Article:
At a time when crime is the number one social problem in America, when people live in fear behind locked doors and the police solve only one serious crime in five, when most judges around the country are giving prosecutors more leeway in the desperate battle against crime, the Texas Court of Criminal Appeals is out of step. As it did in the Gibbs case, the court frequently insists on applying highly technical, formalistic rules of law that have no relation to individual rights or, equally important, common sense. It has been criticized by some of its own members as “hypertechnical” and “quite benevolent” toward criminals. Prosecutors dread it. Law professors scorn it. Criminal lawyers mock it. Yet, like a minister turned to a life of sin, the court continues to preach its sermons ever more earnestly, ignoring the criticism that surrounds it.

The impact of the Court of Criminal Appeals goes far beyond numbers and percentages. It is not the number of reversals that is shocking—last year the court threw out 216 convictions out of 2229 appeals, up 27 per cent over the previous year, but hardly amounting to a crime wave—so much as the court’s rigid and pedantic approach to the law. Cases like Gibbs do damage that can never be measured. They buttress the perception that justice works in slow and cumbersome ways; that it is often silly and arbitrary; that a prison sentence, if it results at all, is somewhere down the road; that crime does pay. They feed the fears of ordinary people—think of how the employees of the Ward’s store must have received the Gibbs decision—and the confidence of criminals. And for the prosecutors and judges who must apply their rulings to future cases, they leave a legacy of confusion and frustration.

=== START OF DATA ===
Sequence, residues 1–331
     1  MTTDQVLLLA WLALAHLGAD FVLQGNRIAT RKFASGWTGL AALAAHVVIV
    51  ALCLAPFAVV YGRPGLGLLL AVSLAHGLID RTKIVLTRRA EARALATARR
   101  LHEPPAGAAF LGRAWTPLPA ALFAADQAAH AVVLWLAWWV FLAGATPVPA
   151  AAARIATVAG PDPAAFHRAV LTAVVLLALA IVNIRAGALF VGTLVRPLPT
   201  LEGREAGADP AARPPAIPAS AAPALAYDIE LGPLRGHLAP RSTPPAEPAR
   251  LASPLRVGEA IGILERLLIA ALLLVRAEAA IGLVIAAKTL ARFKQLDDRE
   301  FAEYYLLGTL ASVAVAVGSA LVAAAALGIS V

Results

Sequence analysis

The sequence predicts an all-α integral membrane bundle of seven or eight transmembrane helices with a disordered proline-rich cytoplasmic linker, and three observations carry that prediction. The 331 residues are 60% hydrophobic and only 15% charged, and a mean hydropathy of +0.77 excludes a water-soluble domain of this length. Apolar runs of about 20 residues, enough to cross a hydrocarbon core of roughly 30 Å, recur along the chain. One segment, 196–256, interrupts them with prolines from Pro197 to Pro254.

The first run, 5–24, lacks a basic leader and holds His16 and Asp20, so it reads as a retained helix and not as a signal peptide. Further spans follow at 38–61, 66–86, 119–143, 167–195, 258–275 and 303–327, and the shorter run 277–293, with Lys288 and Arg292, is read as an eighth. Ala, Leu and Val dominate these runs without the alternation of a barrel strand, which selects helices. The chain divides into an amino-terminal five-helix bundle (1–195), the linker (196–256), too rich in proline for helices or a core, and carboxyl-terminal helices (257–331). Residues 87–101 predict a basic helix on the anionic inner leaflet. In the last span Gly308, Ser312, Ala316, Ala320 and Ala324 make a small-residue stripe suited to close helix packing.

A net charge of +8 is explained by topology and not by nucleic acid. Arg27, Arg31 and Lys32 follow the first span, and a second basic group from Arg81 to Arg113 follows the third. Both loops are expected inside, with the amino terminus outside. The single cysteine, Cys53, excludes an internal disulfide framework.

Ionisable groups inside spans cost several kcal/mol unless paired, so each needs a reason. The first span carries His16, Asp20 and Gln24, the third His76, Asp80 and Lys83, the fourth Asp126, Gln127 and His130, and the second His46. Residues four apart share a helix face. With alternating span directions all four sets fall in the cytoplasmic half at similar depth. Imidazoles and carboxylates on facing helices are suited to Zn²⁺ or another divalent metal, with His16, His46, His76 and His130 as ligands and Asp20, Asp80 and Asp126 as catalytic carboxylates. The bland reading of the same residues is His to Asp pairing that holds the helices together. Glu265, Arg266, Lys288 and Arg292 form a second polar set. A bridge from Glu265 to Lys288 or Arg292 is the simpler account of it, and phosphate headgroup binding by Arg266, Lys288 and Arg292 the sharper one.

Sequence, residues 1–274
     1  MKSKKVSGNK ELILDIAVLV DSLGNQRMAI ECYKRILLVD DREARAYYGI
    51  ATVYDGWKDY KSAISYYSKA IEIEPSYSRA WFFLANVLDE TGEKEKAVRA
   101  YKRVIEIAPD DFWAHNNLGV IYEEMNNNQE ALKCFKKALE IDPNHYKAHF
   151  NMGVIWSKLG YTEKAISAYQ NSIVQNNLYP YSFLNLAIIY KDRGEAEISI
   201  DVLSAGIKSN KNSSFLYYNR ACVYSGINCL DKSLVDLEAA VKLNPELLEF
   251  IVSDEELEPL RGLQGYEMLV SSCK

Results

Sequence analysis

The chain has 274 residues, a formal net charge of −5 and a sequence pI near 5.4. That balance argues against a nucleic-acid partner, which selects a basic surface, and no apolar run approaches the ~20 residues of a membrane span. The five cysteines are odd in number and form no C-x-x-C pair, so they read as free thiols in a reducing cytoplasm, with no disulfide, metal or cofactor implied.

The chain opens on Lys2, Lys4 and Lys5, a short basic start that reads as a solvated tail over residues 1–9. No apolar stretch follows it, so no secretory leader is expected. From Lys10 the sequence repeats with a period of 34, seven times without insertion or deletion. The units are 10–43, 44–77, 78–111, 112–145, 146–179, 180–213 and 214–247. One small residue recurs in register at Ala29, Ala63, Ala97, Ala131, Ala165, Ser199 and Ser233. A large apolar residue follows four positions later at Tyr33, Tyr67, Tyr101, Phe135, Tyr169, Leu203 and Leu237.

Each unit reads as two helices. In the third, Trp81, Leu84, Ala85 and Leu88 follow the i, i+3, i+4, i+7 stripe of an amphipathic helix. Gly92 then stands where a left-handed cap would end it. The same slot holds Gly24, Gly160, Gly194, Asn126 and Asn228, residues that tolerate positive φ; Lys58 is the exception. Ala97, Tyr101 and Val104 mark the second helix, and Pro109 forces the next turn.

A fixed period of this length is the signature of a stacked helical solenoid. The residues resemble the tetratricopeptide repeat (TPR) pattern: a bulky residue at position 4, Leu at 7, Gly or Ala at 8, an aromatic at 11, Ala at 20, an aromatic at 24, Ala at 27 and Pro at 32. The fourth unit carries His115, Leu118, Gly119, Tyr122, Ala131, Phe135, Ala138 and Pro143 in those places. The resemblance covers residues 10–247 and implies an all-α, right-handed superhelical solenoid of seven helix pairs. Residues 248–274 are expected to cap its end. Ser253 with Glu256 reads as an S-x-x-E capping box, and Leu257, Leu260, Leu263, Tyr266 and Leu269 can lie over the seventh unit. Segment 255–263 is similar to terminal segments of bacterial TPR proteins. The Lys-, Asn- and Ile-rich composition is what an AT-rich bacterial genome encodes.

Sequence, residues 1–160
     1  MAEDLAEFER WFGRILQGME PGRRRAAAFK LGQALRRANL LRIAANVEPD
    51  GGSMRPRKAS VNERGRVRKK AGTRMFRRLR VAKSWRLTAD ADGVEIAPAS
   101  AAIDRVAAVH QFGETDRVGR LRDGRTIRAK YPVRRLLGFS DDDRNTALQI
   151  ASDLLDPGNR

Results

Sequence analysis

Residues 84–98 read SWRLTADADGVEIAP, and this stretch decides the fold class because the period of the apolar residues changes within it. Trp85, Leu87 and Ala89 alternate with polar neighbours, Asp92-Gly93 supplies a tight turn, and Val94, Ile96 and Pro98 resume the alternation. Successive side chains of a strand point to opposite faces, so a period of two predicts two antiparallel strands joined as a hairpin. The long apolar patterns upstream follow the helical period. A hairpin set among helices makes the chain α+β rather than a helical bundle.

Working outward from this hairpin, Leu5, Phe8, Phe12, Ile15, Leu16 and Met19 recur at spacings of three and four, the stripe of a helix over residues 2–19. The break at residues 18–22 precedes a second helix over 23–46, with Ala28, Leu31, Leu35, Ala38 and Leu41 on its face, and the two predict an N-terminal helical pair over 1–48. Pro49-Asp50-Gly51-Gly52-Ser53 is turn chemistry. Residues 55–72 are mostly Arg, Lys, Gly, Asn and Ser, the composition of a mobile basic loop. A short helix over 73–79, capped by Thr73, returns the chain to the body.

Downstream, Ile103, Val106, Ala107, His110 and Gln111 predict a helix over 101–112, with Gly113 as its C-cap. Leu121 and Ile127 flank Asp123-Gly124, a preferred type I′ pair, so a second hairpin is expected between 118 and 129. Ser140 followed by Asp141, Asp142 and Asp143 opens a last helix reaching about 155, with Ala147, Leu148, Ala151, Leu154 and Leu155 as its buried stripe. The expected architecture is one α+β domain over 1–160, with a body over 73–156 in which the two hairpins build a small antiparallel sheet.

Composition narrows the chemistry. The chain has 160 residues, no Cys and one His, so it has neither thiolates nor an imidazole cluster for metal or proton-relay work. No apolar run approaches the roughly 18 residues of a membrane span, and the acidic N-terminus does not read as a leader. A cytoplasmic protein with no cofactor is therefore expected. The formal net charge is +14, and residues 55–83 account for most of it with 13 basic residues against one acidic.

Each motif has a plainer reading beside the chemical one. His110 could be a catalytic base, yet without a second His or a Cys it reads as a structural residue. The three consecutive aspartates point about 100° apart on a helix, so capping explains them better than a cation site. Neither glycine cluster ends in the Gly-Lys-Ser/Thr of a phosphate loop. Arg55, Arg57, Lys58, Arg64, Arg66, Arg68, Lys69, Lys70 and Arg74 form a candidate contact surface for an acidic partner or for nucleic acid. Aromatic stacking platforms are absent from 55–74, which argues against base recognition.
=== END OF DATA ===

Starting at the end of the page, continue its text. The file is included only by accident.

The Hypertechnicalists

Most of the judges on the Court of Criminal Appeals bristle like cornered cats when asked about technicalities. They disdain even the mention of the word. “A technicality is that part of the law that someone doesn’t know or doesn’t understand,” says the court’s presiding judge, John Onion. Some judges blame the press. “There’s no meaning at all to the term,” says Judge Wendell Odom. “What the news media refer to as a technicality is just following the law.” Others blame embittered lawyers. “If the ruling of the court is favorable, a lawyer calls it good reasoning,” says Judge Tom Davis. “If it’s unfavorable, he calls it a technicality.” Recently an administrative assistant briefing the court during its weekly private conference had the misfortune to use the forbidden word to describe a point raised by a writ application. “What the f— do you mean by a technicality?” snarled Judge Truman Roberts.